The coronavirus, COVID-19, has created a time in our history for taking serious safety precautions and guidelines set by the Centers for Disease Control and Prevention (CDC). We must follow its guidelines to protect our health and others. Child care workers, deemed essential workers, risk their safety each day to care for children. Because our nation is faced with an undetermined amount of time it will be in this pandemic, parents who work (most who are also essential workers) have found it necessary to rely on the safety of the child care facilities they entrust with their children. As a child-outcome consultant, I was compelled to reach out to child care providers and workers to ask these questions. What are the challenges child care and early learning workers face? And are there resources available to support them?
When presented with the question — what is the biggest challenge you are facing due to the COVID-19 pandemic? — one provider shared:
“In the past, the nation believed that children were unlikely to get COVID. Now we know that is not true. It is hard to detect children’s cold symptoms, allergy symptoms and asthmatic systems from COVID, which makes us all fearful, especially when you don’t know if families are practicing CDC safety rules.”
Other providers experienced a reduction in retaining teachers due to the impact of COVID-19. One provider stated, “The first wave was teachers, identified as high risk, opted out of work due to their health or family members’ health needs. Then, teachers who were needed at home to support their school-age children” [opted out of work].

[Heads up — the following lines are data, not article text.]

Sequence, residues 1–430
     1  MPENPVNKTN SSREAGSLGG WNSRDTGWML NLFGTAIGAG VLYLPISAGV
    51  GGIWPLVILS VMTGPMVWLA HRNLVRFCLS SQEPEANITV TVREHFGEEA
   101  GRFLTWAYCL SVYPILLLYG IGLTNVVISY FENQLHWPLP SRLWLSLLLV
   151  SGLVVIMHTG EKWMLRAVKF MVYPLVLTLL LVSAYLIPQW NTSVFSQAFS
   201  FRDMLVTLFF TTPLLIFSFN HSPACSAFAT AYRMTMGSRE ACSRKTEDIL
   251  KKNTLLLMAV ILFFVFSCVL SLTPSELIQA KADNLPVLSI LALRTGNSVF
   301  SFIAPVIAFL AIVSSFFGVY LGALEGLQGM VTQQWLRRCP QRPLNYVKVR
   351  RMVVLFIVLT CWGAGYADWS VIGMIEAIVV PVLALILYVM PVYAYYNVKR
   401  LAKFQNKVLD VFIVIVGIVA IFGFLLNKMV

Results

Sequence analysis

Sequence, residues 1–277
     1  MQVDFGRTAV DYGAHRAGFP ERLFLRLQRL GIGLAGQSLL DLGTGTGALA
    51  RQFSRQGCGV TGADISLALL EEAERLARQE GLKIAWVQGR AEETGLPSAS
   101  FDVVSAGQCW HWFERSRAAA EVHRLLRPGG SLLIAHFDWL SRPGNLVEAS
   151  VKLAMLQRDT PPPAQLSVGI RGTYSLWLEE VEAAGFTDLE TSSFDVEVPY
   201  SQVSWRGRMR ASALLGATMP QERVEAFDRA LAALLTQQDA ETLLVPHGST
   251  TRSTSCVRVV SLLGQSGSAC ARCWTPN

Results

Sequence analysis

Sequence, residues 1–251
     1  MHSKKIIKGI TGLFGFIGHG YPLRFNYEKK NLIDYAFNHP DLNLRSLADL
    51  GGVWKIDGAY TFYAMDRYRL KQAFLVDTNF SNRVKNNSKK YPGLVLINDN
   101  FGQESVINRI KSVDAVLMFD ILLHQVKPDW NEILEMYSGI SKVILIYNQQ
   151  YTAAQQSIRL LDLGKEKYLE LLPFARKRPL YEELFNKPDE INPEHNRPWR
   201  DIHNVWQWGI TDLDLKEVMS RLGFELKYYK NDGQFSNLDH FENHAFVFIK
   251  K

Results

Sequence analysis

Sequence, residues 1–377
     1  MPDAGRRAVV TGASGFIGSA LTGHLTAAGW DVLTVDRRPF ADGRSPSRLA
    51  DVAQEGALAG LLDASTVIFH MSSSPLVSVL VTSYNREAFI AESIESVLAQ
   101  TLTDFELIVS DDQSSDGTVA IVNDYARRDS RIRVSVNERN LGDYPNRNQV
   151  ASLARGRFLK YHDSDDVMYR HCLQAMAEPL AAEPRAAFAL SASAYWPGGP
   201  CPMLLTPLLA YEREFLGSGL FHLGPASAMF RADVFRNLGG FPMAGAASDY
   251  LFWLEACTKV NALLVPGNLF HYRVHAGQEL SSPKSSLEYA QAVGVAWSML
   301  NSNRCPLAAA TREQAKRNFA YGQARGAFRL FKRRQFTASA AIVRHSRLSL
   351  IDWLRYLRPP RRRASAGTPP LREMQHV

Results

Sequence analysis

Many child care and early learning workers shared their biggest challenges are decreased enrollment and attendance and financial difficulties. Other factors may play a role in these declines, however, most feel that fear caused by COVID-19 has parents afraid to bring their children to their facilities.
Fortunately, providers do not have to face financial challenges of the pandemic alone. There are resources and tools available to support them. In her “The State of Early Learning” presentation from Jan. 26, available on YouTube, Maureen Weber, president and CEO of Early Learning Indiana, provided valuable Indiana data and resources. For instance, the Early Learning Indiana Come Back Stronger fund, supported by Lilly Endowment Inc., invites providers to complete applications for round two of funding. Weber reported that the first round of funding consisted of $13 million that was spent supporting 1,000 providers in 81 Indiana counties. Over 60% of awardees met the criteria for serving many vulnerable children.
The destabilization of programs due to fears and health concerns regarding the pandemic’s impact on workers, families and children has not gone unnoticed. Other organizations that support the importance of early learning have addressed these fears. One such organization doing so is the National Association for the Education of Young Children (NAEYC). It has assembled online health and educational organizations’ information, “Coping with COVID-19,” as a valuable resource for providers to help reduce challenges and stabilize programs that support child care and early learning.
Mattie L. Jones, Ph.D., is associate provost and Dean of Education at Martin University, Indiana Child Advocate educational liaison and child outcomes consultant. Contact her at firstname.lastname@example.org.